Kim Thayil: "Hundreds" of bands got successful copying Alice In Chains

Publish Date
Sunday, 6 September 2020, 11:25AM
Getty Images

Getty Images

One of the things that made the Seattle grunge movement so special was the camaraderie between many of the scene's top bands.

Members of grunge's forerunners, Nirvana, Pearl Jam, Soundgarden and Alice In Chains all knew each other and rooted for the success of their peers; if one band made it out of Seattle, it validated them all.

It turned out that several bands from the city achieved world-renown. Decades later, Soundgarden guitarist and co-founder Kim Thayil is still espousing the virtues of his contemporaries.

In a new conversation with Spin, he discussed what made Alice In Chains so special.

Being that Soundgarden and AIC shared management in the late-1980s, Thayil notes that he was front and center for the band's development. He recalls its drastic change from its earliest demos to the material that became its genre-defining debut album, Facelift.

"By that point, we had a demo cassette of earlier Alice In Chains, which was a little more rocking, and kinda had something in common with what was happening in L.A. at the time," Thayil explained. "When we heard the demos for Facelift, it was a totally different story. It's heavier, darker, and had some definite components of what was going on in Seattle then."

His favorite song on Facelift is a deeper cut, "It Ain't Like That," which is credited to guitarist Jerry Cantrell, bassist Mike Starr and drummer Sean Kinney.

"I always gravitate towards that song, and it's one of those songs I wish I had written," Thayil said. "Usually, when I love a song, it's like, 'Man, why didn't I think of that?' ... But when I heard that riff, I thought, 'Oh, man, that's the coolest thing.' I love the groove. I love that it's slinky and psychedelic, and I've had the opportunity to play that song with them on stage. That was fun, to be able to go up there and play that riff."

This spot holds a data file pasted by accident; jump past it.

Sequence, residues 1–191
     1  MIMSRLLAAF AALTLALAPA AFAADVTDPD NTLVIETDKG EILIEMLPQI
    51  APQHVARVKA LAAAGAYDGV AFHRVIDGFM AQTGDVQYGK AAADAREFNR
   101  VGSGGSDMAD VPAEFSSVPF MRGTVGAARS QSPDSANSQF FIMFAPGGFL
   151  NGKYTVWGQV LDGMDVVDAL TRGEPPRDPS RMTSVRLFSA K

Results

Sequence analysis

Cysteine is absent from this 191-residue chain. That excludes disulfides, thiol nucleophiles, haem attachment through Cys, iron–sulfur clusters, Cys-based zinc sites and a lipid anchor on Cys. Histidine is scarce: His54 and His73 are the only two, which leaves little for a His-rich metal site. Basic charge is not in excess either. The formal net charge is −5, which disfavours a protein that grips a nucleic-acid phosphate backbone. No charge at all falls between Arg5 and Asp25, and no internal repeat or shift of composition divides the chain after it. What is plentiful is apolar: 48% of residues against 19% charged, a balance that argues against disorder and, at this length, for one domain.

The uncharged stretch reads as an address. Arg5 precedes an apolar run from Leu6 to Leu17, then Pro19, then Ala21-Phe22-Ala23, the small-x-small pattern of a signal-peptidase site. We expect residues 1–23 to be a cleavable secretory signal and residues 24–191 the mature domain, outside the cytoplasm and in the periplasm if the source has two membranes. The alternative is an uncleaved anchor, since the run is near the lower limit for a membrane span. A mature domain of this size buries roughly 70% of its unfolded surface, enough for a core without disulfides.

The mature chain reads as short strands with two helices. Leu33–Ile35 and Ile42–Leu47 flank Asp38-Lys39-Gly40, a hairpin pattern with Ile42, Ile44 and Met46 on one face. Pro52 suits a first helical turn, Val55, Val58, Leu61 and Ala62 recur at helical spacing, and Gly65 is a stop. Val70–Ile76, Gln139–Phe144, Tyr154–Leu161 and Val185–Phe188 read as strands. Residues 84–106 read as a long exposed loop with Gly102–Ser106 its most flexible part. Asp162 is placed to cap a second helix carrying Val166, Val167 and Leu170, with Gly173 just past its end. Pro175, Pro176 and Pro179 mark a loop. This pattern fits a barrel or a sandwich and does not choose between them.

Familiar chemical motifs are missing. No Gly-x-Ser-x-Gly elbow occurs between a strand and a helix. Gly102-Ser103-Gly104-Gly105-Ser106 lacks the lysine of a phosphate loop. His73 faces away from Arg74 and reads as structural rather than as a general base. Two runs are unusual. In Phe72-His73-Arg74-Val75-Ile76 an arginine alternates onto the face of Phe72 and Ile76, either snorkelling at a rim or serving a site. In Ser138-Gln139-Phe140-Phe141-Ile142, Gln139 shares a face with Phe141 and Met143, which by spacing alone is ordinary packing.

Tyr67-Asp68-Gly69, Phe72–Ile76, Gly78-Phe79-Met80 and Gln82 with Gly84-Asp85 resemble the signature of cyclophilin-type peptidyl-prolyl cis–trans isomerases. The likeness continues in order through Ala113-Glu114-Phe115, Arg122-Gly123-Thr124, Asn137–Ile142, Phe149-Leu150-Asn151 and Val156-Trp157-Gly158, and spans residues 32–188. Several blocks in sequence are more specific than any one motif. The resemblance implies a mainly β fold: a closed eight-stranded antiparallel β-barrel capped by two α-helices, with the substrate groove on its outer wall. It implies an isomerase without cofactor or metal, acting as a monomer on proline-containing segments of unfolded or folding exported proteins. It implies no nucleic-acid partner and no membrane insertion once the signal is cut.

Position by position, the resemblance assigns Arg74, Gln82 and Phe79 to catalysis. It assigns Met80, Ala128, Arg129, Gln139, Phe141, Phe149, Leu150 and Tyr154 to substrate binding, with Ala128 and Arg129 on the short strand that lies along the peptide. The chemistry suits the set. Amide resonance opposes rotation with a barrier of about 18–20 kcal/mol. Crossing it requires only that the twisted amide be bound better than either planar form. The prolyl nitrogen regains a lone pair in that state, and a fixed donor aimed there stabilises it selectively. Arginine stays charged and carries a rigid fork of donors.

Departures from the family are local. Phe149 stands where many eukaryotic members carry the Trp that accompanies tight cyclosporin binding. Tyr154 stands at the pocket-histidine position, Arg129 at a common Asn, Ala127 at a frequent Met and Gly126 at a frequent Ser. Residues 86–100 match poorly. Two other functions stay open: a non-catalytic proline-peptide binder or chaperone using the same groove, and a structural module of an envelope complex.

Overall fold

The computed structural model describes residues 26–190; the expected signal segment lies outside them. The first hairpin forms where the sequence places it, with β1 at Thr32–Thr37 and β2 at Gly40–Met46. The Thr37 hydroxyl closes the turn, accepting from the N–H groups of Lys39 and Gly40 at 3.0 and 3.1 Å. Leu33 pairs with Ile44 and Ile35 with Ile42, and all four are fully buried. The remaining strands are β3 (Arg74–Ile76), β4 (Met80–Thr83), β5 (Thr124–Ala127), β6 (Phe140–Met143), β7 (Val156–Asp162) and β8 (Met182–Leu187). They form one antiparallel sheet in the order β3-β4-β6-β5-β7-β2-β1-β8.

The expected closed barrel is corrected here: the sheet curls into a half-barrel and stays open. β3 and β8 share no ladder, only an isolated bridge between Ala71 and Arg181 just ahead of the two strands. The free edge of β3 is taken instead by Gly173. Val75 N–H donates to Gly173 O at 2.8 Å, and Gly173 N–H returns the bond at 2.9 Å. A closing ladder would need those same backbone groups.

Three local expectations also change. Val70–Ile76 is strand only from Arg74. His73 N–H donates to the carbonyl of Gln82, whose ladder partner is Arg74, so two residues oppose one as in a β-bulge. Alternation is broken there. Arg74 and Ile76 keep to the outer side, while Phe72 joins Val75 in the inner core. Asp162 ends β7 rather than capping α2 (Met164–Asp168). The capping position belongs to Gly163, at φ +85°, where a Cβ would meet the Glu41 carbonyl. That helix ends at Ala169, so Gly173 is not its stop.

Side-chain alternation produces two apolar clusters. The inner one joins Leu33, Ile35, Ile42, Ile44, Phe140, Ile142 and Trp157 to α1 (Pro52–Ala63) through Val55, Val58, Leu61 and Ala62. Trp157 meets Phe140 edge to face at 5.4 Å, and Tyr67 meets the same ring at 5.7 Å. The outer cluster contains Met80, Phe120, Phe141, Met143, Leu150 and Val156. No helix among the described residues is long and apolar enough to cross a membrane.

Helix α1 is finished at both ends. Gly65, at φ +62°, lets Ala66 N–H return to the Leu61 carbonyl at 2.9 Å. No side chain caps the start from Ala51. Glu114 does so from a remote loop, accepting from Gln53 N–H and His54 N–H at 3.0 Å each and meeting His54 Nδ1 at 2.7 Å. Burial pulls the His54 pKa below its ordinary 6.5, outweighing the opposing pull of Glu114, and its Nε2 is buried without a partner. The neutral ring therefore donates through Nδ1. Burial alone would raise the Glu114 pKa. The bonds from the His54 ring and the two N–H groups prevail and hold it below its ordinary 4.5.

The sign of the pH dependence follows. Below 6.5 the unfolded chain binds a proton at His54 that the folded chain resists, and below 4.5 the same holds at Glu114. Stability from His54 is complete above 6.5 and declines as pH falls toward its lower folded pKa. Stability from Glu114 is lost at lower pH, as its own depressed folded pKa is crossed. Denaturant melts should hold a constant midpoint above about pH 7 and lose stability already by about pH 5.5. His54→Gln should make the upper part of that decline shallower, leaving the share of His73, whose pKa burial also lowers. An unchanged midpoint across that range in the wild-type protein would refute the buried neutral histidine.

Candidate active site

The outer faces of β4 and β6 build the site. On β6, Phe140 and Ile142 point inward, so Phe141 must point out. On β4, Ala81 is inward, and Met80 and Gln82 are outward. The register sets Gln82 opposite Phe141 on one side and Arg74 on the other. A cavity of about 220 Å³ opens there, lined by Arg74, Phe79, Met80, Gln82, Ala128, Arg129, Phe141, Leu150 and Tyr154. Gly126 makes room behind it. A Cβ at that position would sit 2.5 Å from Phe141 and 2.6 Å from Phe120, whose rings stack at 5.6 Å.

Thayil continued, arguing that while AIC's signature vocal harmonies between Cantrell and Layne Stanley have been appropriated by "probably hundreds of commercial bands" to come out since, the band's unique style of riff-writing, led by Cantrell, is something fewer acts have been able to copy.

"...Jerry's bend — writing riffs with this particular sort of slinky and druggy bend," Thayil said of the fellow guitarist. "...If I hear a new Alice song or album, I can distinguish it from their imitators when I hear that riff, that bend."

Cantrell, too, has pointed to his string-bending as one of his signature sounds.

It's a well that has yet to run dry. He often names the one-note string-bending riff from AIC's 2009 comeback single "Check My Brain" as one of his all-time favorites.

This article was first published on and is republished here with permission